What’s the Similarity between the Japanese government and Australian electricity provider AGL Energy? Alpha News Call

What’s the Similarity between the Japanese government and Australian electricity provider AGL Energy?

David Brockwell walks between wind turbines during a routine inspection at the Infigen Energy wind farm located on the hills surrounding Lake George, north of the Australian capital city of Canberra, May 13, 2013. REUTERS/David Gray/File Photo – S1AEUFMGHLAA

Both are paying for the sins of their renewable-energy past. Tokyo is facing a legal battle with a company in Hong Kong for backtracking on incentives for solar power and the like, the Financial Times reported on Wednesday. AGL, meanwhile, last month took a A$1.9 billion ($1.5 billion) hit on pricey long-term wind contracts.

Japan’s problem stems from a 2012 push to increase foreign investment in clean energy. It was introduced after an earthquake-induced tsunami overwhelmed the Fukushima power plant, prompting authorities to close nuclear power plants. Tokyo agreed to pay generous prices for the electricity generated by the new projects, but a year or so later the Shinzo Abe administration thought again. That eventually sparked an increase in renewable-power bankruptcies, which prompted a fund – identified by the FT as Shift Energy – to take the Japanese government to court.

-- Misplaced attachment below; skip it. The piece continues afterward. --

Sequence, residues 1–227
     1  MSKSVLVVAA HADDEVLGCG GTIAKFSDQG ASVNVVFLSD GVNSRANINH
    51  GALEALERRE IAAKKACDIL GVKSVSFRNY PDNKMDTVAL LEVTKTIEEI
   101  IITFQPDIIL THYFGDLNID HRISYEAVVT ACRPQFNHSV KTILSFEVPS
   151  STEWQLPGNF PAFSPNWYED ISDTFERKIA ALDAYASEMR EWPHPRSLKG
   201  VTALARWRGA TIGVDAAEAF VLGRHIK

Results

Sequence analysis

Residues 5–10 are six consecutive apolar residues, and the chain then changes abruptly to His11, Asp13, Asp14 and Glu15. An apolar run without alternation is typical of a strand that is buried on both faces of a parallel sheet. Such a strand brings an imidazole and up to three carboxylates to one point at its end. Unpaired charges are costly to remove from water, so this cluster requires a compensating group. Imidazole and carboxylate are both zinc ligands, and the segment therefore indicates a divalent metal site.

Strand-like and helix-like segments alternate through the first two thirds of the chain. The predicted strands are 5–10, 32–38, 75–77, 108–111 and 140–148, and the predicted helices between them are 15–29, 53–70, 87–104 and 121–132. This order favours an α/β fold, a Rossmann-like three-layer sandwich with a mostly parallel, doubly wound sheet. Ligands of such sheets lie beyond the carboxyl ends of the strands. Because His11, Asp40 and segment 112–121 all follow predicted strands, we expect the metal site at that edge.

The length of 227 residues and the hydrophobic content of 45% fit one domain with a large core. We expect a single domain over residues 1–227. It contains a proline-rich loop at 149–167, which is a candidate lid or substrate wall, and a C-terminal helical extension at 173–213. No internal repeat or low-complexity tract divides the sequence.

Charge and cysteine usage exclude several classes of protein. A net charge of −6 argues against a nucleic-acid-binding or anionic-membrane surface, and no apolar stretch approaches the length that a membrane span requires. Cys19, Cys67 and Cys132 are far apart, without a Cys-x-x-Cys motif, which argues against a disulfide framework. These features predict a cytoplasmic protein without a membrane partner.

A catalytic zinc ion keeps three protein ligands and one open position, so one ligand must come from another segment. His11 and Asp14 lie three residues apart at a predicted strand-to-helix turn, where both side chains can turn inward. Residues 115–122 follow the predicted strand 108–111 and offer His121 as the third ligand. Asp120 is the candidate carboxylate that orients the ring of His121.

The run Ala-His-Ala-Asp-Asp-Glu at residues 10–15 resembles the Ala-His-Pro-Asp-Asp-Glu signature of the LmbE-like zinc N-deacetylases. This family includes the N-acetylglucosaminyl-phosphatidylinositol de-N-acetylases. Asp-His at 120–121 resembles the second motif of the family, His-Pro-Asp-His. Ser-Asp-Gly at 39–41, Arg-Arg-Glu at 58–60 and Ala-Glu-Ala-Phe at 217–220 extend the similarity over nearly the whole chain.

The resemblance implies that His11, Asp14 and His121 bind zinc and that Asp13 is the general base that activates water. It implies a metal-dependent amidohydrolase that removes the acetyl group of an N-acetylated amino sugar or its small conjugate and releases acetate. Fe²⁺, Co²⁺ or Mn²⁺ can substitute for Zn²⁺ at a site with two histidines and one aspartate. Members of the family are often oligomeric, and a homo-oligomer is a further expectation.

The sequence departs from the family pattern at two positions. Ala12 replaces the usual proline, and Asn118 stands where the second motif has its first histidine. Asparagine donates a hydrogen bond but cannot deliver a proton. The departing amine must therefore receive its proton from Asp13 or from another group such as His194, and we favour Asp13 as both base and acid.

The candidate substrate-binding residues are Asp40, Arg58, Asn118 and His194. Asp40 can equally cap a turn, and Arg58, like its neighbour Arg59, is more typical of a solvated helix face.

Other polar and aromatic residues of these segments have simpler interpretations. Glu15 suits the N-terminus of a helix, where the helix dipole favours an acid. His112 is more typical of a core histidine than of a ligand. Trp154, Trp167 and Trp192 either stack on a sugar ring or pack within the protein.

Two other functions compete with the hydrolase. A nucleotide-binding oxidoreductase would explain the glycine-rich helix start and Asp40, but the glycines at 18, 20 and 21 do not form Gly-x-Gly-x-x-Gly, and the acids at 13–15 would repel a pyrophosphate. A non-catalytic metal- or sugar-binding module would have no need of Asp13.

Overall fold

AGL went in the opposite direction. Starting around 2007, it sold its wind farms but kept operating them, striking deals to buy the electricity for 30 years or so. At the time it might have felt like a smart way to generate cash upfront. But AGL saddled itself with fixed contracts that assumed power prices would stay high for years and, in later deals, ignored the rapidly falling cost of installing renewable energy.

The company, run by Brett Redman since 2018, compounded its long-term problems by acquiring coal mines, making it one of the country’s largest greenhouse-gas emitters and prompting a A$530 million goodwill write-down last month, too. Its stock has fallen around a fifth since.

Coal aside, each would have been better off taking the other’s approach. While it’s prudent to be conservative with taxpayers’ money, Tokyo needs to promote stability to foster a crucial but nascent industry, not ratchet down prices. Preserving price flexibility, meanwhile, would have been far more prudent for AGL. Whichever side you look at, it’s clear that short-termism is a bad way to manage climate risk.

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